This is a best prospect industry sector for this country. Includes a market overview and trade data.


The ROC’s tourism sector experienced another record-setting year in 2018 with over 3.9 million tourist arrivals, an increase of 7.8 percent over 2017 figures.  Preliminary figures for the first quarter of 2019 are indicative of a decreasing trend.  According to the statistical service, there was a drop of 3.2 percent January through March.  Most sector officials, however, expect similar numbers to last year despite first quarter results.  To assist, the government relaxed former restrictions, which limited the industry’s ability to add capacity.  Moreover, to further strengthen the tourism sector and its infrastructure, Parliament approved the creation of a new Deputy Ministry of Tourism July 10, 2018, which started its operations January 2, 2019.  Its Deputy Minister reports directly to the President of the ROC.  The Cyprus Tourism Organization (CTO), which previously handled tourism issues, was abolished, and its staff was folded into the new Deputy Ministry.  Before the change, part of the tourism portfolio was handled by the Ministry of Energy, Commerce, Industry, and Tourism (MECIT).  With the creation of the new entity, responsibilities were transferred to the new Deputy Ministry and MECIT, now MECI, no longer deals with tourism issues.  Cypriot tourism has earned numerous prestigious awards, including a listing among Global Top 100 Sustainable Destinations.  Although primarily a “sun and sea” destination, Cyprus offers more to the discerning tourist, and Cypriot authorities are trying to further enrich the tourist product by encouraging investment in new sectors such as medical, sports, or wellness tourism.  Cyprus offers many advantages in this area, including a strategic location, expanding air connectivity, mild Mediterranean climate, existing high-standard hospitals and clinics with internationally educated doctors, and pervasive use of the English language.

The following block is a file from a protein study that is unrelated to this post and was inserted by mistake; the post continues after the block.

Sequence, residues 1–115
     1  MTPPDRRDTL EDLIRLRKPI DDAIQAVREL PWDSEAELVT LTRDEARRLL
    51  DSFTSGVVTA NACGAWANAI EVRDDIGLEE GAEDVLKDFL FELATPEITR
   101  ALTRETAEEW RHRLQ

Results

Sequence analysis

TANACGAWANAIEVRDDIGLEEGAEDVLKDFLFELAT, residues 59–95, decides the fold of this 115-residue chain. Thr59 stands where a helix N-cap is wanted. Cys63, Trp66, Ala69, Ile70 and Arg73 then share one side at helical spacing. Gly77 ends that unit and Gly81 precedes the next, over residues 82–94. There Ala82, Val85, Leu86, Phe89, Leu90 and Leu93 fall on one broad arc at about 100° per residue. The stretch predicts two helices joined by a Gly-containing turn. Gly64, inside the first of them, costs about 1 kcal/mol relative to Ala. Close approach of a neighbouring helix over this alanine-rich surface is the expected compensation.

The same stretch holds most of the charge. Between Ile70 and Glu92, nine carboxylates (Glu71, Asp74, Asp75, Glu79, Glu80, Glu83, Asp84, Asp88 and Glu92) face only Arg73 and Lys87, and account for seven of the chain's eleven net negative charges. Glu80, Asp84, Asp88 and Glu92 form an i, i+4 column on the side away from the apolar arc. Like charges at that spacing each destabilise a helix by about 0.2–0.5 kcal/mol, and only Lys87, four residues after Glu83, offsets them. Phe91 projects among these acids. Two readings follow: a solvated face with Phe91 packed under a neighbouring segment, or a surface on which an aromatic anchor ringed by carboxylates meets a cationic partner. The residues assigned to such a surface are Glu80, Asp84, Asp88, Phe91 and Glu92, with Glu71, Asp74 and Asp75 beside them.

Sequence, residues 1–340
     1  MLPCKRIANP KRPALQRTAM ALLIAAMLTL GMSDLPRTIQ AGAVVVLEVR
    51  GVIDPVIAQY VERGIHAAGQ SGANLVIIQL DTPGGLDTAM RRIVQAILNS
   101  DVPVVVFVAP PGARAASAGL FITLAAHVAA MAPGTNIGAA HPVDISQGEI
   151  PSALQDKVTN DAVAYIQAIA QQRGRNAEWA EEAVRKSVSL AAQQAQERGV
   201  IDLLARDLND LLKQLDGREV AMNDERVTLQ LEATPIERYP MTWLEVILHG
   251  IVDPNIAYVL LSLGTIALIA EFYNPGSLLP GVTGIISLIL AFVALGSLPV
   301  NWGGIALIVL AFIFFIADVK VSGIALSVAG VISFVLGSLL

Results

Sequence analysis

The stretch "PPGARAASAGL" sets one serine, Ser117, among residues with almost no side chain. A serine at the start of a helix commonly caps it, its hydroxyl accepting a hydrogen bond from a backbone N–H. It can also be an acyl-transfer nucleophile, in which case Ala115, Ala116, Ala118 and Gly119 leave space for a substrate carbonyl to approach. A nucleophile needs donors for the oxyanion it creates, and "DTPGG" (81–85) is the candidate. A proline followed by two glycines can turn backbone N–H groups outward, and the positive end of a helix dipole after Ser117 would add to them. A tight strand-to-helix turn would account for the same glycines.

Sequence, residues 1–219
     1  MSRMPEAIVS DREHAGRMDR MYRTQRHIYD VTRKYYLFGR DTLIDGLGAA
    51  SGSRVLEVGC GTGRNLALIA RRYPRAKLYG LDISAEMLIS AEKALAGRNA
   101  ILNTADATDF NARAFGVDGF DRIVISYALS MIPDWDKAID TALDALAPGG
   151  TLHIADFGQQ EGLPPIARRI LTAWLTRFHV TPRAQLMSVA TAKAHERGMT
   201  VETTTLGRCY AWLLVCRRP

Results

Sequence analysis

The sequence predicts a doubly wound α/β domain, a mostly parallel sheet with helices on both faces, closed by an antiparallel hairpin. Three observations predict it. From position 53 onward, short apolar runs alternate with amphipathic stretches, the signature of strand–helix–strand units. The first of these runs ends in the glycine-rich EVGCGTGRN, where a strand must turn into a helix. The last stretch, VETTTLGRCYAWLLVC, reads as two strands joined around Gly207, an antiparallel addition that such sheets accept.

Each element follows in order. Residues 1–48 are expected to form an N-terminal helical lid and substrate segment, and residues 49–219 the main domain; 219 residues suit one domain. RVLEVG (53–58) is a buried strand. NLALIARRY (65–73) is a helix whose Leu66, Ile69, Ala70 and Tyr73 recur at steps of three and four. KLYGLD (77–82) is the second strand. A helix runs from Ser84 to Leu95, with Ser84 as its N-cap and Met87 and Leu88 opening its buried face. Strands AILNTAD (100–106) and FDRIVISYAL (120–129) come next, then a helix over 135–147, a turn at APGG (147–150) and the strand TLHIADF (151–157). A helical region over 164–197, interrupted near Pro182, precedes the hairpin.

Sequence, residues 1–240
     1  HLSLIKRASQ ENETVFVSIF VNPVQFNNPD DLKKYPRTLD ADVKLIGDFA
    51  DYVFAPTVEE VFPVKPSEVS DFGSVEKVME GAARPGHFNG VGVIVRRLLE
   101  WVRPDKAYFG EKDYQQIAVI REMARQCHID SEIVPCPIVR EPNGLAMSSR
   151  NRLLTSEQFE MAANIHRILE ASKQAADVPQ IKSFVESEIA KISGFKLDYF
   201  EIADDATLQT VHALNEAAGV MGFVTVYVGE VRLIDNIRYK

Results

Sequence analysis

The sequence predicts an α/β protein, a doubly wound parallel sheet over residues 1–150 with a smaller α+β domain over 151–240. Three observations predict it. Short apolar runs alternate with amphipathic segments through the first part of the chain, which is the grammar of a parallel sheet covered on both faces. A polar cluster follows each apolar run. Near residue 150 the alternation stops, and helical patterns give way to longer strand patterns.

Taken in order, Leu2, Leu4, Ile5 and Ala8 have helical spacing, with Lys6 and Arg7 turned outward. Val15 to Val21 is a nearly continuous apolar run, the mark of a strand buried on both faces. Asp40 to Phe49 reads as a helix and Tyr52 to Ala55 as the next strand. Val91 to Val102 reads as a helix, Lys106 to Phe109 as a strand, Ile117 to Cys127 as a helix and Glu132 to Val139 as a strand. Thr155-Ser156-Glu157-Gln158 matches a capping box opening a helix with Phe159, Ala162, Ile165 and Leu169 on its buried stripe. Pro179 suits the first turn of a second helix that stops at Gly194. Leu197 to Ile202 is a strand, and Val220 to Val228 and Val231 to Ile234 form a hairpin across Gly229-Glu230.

Leading Sub Sectors and Opportunities

Purchase of Existing Hotels or Other Tourism-Dependent Businesses:
As with other sectors, the financial crisis beginning in 2013 had taken a toll on the tourism industry.  Many tourism-dependent businesses, including several large hotels, were struggling because they were over-leveraged.  Most of these businesses are perfectly viable, albeit with thin profit margins due to relatively high operating costs.  As their owners try to de-leverage, it is likely that some of these businesses will come up for sale over the next two to three years, either as involuntary foreclosures or through voluntary loan restructuring.  Specialized consultancy firms on the island can help identify such prospects although potential investors are well advised to exercise care to avoid properties with questionable title deeds.  

Construction of Greenfield Tourism Projects:
In addition to acquiring existing tourism infrastructure, investors should consider prospects in constructing large, Greenfield tourism projects in the following sub-sectors: marinas and other seafront tourist developments; theme parks; retirement and rehabilitation centers; athletic tourism projects; medical and wellness tourism; and golf courts combined with residential developments.  Non-EU entities interested in constructing large Greenfield development projects in Cyprus must be properly licensed in their country of origin.


Web Resources

Republic of Cyprus Statistical Service data on tourism
Association of Large Investment Projects

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Cyprus Travel and Tourism Trade Development and Promotion